CRL gathers and provides information here about commercial and open access digital resources of interest to the CRL community. This information is intended to inform library decisions on investment in electronic resources and related services.
Apartheid: Global Perspectives, 1946-1996 provides access to the digitized collection of translated news broadcasts and publications published around the world during the period of 1946-1966 on apartheid in South Africa. It includes the reaction and analysis written by both the people who experienced apartheid in South Africa and those around the world who watched, reacted to, and analyzed it.
Content for this collection is primarily sourced from the Foreign...
China and the Modern World: Diplomacy and Political Secrets provides access to records from the Political and Secret Department, the Burma Office (created as a separate entity in 1937) and the Military Department. This collection includes: intelligence and diplomatic mission reports, correspondence, official diaries, memoranda, pamphlets, gazetteers and maps
East India Company is a digital collection of the official records of the East India Company (1595-1858) and the India Office (1858-1947) held at the British Library. Adam Matthew is digitizing the IOR archive over the next five years in conjunction with the British Library, .
This collection will include the charters and minute books of the East India Company and the minute books of the post-1858 governing agency, the Council of India.
The modules are as follows:Module I: Trade, Governance and Empire, 1600-1947 Modules II and III: Factory Records for South Asia, South-East Asia, China, Japan and the...
Hitler's Army, Nazi Germany at war and the Nuremburg trials, 1925-1956 provides access to 18 volumes of David Irving's private research collection.
Research Source provides digital access to collections selected from the microfilm collection of Adam Matthew Publications. Collection modules will be organized by region or theme and will be released over a three-year period (2018-2020).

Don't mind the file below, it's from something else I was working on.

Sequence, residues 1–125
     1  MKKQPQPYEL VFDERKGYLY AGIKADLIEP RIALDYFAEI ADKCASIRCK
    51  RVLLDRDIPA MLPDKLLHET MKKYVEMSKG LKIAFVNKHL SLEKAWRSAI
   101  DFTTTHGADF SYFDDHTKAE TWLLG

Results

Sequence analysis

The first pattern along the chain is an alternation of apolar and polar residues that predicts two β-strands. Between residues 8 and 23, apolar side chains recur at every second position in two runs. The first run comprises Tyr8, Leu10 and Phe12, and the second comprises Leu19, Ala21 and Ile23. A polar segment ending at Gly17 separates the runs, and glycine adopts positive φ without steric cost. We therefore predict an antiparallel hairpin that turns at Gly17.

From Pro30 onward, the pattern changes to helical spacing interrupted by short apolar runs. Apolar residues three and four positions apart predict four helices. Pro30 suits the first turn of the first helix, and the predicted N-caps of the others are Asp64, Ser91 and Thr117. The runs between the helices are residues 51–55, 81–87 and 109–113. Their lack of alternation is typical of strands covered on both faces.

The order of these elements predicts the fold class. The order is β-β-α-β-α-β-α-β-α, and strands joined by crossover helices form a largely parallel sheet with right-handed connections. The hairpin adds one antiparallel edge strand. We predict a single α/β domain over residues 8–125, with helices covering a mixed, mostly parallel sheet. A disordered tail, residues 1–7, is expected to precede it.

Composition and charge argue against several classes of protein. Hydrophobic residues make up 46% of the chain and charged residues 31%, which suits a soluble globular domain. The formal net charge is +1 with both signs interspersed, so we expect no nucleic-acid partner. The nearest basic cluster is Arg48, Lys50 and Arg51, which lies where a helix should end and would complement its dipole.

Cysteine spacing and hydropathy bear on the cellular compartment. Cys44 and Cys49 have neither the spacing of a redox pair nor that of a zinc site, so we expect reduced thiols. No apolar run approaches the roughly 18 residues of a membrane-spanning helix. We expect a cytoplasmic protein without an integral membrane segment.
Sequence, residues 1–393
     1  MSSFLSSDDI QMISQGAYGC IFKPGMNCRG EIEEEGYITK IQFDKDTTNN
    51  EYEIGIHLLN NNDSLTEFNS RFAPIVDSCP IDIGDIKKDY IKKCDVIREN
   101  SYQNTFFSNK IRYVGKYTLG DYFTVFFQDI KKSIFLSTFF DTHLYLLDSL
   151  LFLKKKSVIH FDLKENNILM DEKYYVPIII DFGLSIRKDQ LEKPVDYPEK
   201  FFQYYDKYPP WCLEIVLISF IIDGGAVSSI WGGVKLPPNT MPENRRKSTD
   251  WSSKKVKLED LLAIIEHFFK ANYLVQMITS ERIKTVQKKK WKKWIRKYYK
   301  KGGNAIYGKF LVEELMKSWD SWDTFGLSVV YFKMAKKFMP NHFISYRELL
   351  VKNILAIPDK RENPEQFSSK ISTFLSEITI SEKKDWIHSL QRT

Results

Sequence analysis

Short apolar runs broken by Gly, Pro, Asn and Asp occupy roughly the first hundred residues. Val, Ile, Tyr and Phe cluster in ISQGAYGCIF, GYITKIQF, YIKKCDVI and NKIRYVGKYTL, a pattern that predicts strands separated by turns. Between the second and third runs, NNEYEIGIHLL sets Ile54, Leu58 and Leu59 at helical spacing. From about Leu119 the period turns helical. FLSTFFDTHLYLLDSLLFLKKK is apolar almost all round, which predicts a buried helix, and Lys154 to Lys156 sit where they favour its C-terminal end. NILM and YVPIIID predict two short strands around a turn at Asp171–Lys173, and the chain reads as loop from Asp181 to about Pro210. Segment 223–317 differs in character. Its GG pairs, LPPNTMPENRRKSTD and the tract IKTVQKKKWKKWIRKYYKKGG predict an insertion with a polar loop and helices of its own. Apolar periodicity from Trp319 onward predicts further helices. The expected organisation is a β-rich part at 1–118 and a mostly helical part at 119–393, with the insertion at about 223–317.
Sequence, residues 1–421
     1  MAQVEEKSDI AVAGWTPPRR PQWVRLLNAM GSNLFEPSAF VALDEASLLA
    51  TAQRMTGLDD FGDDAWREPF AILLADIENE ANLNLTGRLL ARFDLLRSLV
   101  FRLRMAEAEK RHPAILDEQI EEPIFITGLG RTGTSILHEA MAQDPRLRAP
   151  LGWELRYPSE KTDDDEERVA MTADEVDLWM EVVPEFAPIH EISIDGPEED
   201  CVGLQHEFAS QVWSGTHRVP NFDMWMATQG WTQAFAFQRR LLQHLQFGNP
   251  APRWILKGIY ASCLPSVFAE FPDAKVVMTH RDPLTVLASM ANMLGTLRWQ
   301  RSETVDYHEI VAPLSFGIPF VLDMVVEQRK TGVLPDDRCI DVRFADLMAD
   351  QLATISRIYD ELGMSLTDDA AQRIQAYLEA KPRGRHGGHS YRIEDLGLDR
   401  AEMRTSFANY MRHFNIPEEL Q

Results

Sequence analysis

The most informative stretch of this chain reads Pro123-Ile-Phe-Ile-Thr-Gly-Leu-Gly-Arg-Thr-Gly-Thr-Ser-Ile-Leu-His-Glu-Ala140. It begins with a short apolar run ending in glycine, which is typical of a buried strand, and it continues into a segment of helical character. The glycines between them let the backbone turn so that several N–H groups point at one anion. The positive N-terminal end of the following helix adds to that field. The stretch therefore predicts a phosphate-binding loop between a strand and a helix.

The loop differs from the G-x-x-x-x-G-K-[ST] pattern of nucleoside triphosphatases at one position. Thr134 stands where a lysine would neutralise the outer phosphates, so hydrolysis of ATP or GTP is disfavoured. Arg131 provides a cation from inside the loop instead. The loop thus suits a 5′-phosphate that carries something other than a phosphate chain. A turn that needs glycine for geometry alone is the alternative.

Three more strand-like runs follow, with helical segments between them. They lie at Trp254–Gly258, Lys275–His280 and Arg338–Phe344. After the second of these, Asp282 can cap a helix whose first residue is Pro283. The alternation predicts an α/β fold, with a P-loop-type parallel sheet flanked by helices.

Slavery: supporters and abolitionists, 1675-1865 provides access to 28,202 pages on the anti-slavery and pro-slavery movement in the eighteenth and nineteenth centuries.
The West Indies: slavery, plantations and trade, 1759-1832 provides access to 9,122 pages of Jamacian material in the Slebech papers.
Wiley Digital Archives is a discovery platform and database that provides access to collections of historical primary resources that have been digitized from societies and archives representing knowledge, learning and scholarship in the sciences. The collections that are available through the resource constitute the study of sciences and medicine through primary resources which include: maps, manuscripts, periodicals, administrative papers, fieldwork, correspondence, books, photographs, illustrations, proceedings, meeting minute books, conference papers, pamphlets, reports, grey literature, and ephemera.
Wiley has partnered with The New York Academy of Science, the Royal Anthropological Institute of Great Britain and Ireland...
The Women's Studies collections provide access to a collection of manuscripts, newspapers, periodicals, and more material tracing the path of women's issues from past to present.
World War 1 and the Spanish Civil War: as reported by an Ambassador, 1863-1939 provides access to 37,288 pages in 8 volumes of Papers of Sir Esme Howard, 1863-1939.
The World Wars: firepower and fascism at home and abroad is a thematic series contained as a sub-set within the digitized archival content known as British Online Archives (BOA), distributed by Microform Academic Publishers (MAP). This series includes the following collections:Asia at war, World War 2 as described by USPG Missionaries, 1914-1946 British officers' diaries from World War 1, 1914-1919 The British Union of Fascists: newspapers and secret files, 1933-1951 Conscientious Objection during the First World War Hitler's...
While CRL makes every effort to verify statements made herein, the opinions expressed and evaluative information provided here represent the considered viewpoints of individual librarians and specialists at CRL and in the CRL community. They do not necessarily reflect the views of CRL management, its board, and/or its officers.